UN’s CERD committee concerned about "racist violence by Belgian police"

The United Nations’ Committee on the Elimination of Racial Discrimination (CERD) has expressed concerns about racist violence by police officers in Belgium. The Committee has called on the authorities here to take action to address the issue. 

According to CERD, a committee made up of 18 independent experts, Belgium had already taken several good measures to address the issue of racism. The measures taken to address discrimination in the workplace are quoted as one example of this. Nevertheless, in its report CERD says that there are still issues that give cause for concern.

Racist police violence is one such issue. CERD says that since the onset of the coronavirus crisis and during the recent anti-racism demonstrations there have been numerous reports of police violence. CERD says that ethnic profiling is used and that police carry out identity and other checks on individuals based on their ethnic origin. Reports have also been received of members of the public suffering racial abuse at the hands of the police. Finally, the Committee also has issues with the way in which members of the Romani community are treated.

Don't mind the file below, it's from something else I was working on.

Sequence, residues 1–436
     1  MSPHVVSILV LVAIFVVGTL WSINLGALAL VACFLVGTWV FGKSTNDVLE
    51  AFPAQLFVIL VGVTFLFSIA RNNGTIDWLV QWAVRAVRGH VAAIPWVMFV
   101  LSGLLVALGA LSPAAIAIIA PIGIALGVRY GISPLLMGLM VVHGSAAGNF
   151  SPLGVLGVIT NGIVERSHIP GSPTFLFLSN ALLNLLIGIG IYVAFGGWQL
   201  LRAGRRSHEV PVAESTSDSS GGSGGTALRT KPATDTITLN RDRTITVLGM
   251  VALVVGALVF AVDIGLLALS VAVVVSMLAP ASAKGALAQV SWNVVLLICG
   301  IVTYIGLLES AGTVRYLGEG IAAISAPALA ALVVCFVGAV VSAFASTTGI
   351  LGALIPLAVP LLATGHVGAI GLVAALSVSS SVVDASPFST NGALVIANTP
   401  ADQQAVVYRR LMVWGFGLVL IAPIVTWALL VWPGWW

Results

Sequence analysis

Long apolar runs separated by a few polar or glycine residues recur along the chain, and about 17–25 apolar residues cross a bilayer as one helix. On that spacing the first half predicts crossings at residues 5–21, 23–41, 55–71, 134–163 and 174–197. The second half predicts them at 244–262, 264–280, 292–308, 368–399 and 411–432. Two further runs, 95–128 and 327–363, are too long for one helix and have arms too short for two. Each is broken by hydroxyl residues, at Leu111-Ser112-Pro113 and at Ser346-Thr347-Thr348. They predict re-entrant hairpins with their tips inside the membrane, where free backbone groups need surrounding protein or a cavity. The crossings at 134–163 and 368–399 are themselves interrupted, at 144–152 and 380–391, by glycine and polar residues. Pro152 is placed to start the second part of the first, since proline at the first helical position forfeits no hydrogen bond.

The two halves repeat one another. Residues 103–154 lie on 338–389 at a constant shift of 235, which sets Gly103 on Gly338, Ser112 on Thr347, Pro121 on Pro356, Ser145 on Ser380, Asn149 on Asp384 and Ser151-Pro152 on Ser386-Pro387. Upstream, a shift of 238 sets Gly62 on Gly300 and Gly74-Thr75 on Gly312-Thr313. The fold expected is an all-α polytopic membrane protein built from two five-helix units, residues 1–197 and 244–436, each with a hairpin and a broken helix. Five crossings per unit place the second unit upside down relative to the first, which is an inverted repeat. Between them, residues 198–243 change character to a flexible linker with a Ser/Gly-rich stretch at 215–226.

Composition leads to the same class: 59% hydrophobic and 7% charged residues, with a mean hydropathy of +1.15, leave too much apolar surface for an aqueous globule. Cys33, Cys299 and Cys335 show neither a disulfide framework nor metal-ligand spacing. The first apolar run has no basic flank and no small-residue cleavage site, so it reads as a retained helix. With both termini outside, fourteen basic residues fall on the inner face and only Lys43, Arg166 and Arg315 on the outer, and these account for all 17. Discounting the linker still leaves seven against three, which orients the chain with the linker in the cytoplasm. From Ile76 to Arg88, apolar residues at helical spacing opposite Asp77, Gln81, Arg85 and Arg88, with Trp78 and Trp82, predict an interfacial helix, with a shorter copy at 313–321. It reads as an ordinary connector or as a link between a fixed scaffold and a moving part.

CERD asks the Belgian authorities to subject any allegations of racist incidents involving the police to a thorough and independent investigation. It also calls for greater diversity within our police services. Belgium should also prohibit ethnic profiling and set up a body to deal with complaints of alleged incidents of ethnic profiling.

CERD adds that Belgium should do more to trace and punish those that publish racist outbursts on social media. CERD checks that the 182 countries that have signed up to the UN convention on the elimination of racial discrimination abide by its conditions. 

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